Category: FOD Finder

FOD Finder picks up Connect innovation award

Connect, a nonprofit San Diego organization that supports technology entrepreneurs, recognized eight companies for Most Innovative New Product of 2010. Among them was FOD Finder from Trex Aviation Systems. More details here.

Source article

FODFinder XM at AirportBusiness.com

The FODFinder XM from Trex Enterprises is now listed in the AirportBusiness.com directory of products (link).

Here’s the whole article:

fodfinder xm

The only mobile foreign object debris (FOD) detection and retrieval system selected by FAA for its Advisory Circular, and which can be purchased using AIP grant funds. In the last year, the FOD Finder has detected and removed over 10,121 objects from U.S. commercial airports saving them, aircraft owners, and aircraft insurance companies more than $39 million in repairs to aircraft and lower insurance rates based on a Boeing study. FOD Finder is also available in fixed and transportable systems for continuous 24/7 surveillance of runways and construction areas.  All systems are integrated with a digital part 139 airfield management and reporting system to include ARFF, Fuel, Spills, Wildlife and all required checklist items.  Automated reporting with pictures and work order tasking and tracking.  Electric vehicle/vacuum option available.  Trex 365 World class support 24 hours a day.  Return on investment is less than 60 days.  Visit our demo units at Chicago O’Hare, Honolulu International or San Diego.  Call +1 (858) 646 5553 for a webinar or on site demo.

The “return on investment is less than 60 days” is quite a bold claim, it would be nice to see how this was calculated. And just in case there was any doubt from the image, Trex Enterprises is an American company :-)

Trex Aviation Systems on Facebook

Trex Aviation Systems, the company that produce the FOD Finder system have a Facebook company page (link). It currently contains images of their FOD Finder system, images of FOD detected by their system, and some general industry news. (more…)

FOD Finder presentation

A presentation from Trex Enterprises appeared on SlideShare.net today. It contains some interesting details on field tests carried out at MCAS Yuma. According to the presentation FOD Finder located 937 FOD items in just 1 hour on the first day of the trial.

Made in the US of A

Just read an article on the North County Times website, regarding the Trex system (FOD Finder).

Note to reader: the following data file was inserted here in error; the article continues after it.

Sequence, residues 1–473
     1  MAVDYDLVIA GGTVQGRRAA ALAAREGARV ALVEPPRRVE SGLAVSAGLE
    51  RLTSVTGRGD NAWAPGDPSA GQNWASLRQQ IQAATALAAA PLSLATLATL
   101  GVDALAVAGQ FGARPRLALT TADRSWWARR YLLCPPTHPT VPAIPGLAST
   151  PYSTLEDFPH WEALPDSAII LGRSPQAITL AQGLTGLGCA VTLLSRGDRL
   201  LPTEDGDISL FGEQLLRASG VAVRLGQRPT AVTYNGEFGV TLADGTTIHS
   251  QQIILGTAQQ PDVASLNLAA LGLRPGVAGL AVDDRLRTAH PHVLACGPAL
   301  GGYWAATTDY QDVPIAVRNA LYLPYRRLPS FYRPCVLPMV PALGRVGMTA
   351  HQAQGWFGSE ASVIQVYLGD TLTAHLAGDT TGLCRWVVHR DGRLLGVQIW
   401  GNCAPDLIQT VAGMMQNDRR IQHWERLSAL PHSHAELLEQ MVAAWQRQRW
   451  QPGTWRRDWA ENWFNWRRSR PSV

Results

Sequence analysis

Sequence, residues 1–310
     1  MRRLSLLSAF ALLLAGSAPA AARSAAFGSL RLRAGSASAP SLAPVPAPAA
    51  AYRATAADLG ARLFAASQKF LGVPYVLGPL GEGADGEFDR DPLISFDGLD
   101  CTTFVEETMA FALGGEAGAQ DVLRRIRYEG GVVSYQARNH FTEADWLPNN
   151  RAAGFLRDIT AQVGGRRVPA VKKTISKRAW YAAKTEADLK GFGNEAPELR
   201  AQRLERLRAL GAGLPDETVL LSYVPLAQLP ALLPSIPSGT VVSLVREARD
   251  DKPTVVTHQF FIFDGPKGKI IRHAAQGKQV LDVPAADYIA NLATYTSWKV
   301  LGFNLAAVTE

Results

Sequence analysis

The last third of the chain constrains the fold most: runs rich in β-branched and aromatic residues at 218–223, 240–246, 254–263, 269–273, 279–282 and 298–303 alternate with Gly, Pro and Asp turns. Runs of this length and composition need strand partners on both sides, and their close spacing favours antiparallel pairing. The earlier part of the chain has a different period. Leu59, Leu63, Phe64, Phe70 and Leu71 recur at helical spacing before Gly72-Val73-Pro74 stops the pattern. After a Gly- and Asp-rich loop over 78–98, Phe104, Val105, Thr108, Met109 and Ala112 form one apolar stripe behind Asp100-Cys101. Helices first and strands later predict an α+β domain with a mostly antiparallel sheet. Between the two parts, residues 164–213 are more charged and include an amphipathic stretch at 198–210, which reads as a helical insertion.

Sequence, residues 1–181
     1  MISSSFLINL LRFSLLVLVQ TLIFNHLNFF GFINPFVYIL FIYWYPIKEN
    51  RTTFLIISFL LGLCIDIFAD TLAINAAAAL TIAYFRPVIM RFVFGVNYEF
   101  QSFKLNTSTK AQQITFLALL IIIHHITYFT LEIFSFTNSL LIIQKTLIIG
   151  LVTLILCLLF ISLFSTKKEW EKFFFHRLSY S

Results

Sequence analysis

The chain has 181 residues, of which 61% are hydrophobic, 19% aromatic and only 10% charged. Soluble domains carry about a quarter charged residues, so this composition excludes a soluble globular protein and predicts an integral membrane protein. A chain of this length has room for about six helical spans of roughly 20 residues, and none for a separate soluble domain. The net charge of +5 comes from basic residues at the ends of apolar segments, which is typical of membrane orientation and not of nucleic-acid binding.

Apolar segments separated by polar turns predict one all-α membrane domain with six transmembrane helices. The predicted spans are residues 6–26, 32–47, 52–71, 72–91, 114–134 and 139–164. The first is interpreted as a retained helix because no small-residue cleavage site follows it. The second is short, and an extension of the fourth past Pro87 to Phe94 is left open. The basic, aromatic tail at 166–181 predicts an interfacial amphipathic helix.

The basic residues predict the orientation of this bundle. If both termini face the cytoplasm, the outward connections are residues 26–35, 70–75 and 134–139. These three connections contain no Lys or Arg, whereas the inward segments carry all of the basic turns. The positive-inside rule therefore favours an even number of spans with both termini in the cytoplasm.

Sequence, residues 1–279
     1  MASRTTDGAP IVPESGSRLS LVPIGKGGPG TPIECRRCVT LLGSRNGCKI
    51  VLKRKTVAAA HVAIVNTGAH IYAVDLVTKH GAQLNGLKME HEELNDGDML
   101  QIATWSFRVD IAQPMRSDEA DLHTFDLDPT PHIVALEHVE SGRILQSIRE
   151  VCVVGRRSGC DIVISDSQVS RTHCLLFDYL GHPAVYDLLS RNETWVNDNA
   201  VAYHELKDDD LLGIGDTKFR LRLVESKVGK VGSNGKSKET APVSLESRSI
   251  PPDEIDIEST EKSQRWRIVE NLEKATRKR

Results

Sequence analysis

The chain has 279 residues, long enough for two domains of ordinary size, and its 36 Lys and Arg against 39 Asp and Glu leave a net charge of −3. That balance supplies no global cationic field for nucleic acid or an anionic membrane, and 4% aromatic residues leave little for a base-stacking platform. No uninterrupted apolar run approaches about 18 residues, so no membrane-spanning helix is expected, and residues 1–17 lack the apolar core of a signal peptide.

The article singles out FOD Finder as being the only mobile system, which in my opinion is also its greatest weakness. While the other 3 systems on the market scan 24/7, FOD Finder is limited, it can only detect FOD when the vehicle is being driven on the runway/taxiway. Given this fact it’s interesting that they also mention the Concorde incident. The metal strip that caused this incident was on the runway for just 4 minutes, the other 3 systems would have had a good chance of detecting the object, whereas FOD Finder would have to have been driven on the runway between every flight to achieve anywhere near the same probability of detection.

Source (North County Times)

Updated FOD Finder video on YouTube

There has been a FOD Finder video on YouTube for quite some time, but a  higher quality and slightly updated version appeared yesterday. Interestingly the mention of price has been dropped from the latest version.

Deployment of FOD detection systems

Before considering a FOD detection system, thought has to be given to where the system can be deployed on the airfield (if it can be deployed at all). For FOD Detect and FOD Finder this is not an issue, FOD Finder is a vehicle mounted system, and FOD Detect is installed in the place of existing runway lights. For Tarsier and iFerret, finding suitable locations can be difficult, not only due to the strict rules imposed by AC150/5300-13, but also by the availability of power and data-links.

Although the Tarsier and iFerret systems both employ different detection technologies (Radar and camera respectively), they are still both bound by the same requirement, they both need clear line-of-sight to the runway, and must achieve this without breaking the rules imposed in AC150/5300-13, specifically, the Primary Surface, the Transitional Surface and the Taxiway Object Free Area Width. (more…)

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